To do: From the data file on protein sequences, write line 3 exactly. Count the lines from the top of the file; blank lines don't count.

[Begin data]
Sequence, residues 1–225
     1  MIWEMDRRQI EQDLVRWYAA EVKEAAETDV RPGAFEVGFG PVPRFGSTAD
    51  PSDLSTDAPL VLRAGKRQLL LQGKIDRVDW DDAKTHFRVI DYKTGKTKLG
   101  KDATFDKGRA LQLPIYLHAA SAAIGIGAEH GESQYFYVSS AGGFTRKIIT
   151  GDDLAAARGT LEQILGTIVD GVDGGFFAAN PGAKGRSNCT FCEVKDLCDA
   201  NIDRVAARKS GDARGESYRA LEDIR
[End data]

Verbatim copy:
    51  PSDLSTDAPL VLRAGKRQLL LQGKIDRVDW DDAKTHFRVI DYKTGKTKLG